California State Sen. Tom Berryhill (R-Modesto) recently introduced Senate Bill 607, reviving efforts to permit employers and employees to agree on flexible work schedules, such as four 10-hour days per week.  Unionized workplaces already allow employees to elect to work four 10-hour days; SB 607, if enacted into law, would extend this flexibility to non-unionized workplaces.

Under federal law, and in neighboring states, employers and employees are allowed to adopt flexible work schedules such as four 10-hour days per week.  However, California Labor Code section 510 requires employers to pay non-unionized employees overtime for any work in excess of eight hours in one workday – regardless of the number of hours worked in a week.  This of course discourages employers from agreeing to flexible work schedules involving work in excess of eight hours per day.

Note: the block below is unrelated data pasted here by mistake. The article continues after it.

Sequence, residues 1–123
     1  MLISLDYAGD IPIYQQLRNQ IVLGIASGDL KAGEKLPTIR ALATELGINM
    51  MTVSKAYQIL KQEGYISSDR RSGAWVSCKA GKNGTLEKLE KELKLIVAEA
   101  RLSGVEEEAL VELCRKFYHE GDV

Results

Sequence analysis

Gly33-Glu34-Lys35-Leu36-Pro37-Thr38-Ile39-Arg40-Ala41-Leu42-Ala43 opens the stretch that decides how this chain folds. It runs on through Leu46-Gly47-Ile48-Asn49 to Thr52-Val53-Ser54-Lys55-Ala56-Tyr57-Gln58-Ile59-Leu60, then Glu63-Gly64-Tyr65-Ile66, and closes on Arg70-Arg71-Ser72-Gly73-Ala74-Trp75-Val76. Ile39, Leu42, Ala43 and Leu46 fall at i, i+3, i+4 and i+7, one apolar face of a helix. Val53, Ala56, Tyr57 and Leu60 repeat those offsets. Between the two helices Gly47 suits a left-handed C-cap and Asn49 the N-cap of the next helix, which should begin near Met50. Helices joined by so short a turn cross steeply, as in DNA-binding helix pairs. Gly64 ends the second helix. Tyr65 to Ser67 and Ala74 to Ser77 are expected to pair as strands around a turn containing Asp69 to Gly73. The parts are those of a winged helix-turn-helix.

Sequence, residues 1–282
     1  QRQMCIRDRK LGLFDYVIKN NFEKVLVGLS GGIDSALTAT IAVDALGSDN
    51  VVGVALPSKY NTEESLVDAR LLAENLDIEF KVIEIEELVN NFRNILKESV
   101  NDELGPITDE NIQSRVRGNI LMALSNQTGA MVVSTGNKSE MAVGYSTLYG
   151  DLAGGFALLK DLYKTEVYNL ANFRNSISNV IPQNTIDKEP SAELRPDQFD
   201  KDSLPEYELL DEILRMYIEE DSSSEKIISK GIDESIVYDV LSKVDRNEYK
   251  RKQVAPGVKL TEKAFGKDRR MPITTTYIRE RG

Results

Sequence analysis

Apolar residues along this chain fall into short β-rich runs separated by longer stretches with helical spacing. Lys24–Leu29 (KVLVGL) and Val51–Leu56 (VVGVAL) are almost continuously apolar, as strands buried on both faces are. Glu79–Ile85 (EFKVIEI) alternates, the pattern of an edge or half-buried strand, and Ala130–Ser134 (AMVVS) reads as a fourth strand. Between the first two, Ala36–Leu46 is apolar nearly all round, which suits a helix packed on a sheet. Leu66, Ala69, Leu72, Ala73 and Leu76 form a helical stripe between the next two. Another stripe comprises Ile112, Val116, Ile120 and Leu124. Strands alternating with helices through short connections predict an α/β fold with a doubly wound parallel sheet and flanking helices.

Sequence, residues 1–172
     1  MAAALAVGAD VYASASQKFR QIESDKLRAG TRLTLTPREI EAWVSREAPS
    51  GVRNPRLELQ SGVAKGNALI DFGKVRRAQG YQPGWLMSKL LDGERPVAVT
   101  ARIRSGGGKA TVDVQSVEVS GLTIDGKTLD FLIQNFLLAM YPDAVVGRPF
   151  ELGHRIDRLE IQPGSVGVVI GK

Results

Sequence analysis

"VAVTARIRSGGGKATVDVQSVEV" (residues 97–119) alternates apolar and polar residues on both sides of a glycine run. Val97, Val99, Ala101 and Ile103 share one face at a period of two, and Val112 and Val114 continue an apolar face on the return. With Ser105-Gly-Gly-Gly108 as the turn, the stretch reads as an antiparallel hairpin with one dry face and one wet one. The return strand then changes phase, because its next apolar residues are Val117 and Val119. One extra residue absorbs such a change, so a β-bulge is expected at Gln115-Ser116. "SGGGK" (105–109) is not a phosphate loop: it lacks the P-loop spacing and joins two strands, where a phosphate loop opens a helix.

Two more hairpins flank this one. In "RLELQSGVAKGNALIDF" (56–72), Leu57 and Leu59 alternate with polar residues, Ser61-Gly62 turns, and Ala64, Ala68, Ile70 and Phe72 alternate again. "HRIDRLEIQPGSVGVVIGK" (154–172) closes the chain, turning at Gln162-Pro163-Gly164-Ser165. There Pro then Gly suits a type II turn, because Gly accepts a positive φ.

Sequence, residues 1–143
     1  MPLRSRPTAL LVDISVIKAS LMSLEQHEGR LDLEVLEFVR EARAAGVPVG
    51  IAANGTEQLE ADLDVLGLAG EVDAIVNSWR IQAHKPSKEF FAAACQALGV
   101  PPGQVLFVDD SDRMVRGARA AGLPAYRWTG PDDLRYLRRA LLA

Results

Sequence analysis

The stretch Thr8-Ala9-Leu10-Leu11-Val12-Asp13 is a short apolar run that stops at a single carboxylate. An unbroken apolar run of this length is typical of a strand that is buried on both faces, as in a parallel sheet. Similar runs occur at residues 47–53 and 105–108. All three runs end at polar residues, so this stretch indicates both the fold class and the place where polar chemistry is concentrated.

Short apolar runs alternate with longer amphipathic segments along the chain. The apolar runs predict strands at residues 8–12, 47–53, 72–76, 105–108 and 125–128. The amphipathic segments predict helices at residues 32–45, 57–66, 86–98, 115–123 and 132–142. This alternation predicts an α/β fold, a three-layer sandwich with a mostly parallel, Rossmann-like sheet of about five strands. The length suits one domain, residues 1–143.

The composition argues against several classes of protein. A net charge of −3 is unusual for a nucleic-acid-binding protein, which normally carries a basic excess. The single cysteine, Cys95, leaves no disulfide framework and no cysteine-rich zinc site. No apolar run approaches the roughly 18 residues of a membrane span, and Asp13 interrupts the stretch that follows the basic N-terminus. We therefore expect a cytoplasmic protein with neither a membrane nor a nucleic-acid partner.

SB 607, if enacted, would provide an exception to section 510.  It would allow non-unionized employees to maintain flexible work schedules, provided the employee submits a request in writing, and the employer approves the request.  An employer would be permitted to inform its employees that it is amenable to consider requests for flexible schedules; it would not be able to require employees to adopt flexible schedules or promise benefits to employees for doing so.

Employees working pursuant to a flexible schedule would be permitted to work up to 10 hours in a workday without obligating the employer to pay overtime.  An employer would still be obligated to pay overtime for all hours worked in excess of 10 in a workday or 40 in a workweek.  Either the employer or employee would be able to terminate the flexible schedule by written notice.

The Bill was recently referred to the State Senate Committee on Labor and Industrial Relations.

If you have questions about the impact this law might have on your workplace if enacted into law, please contact your Proskauer attorney.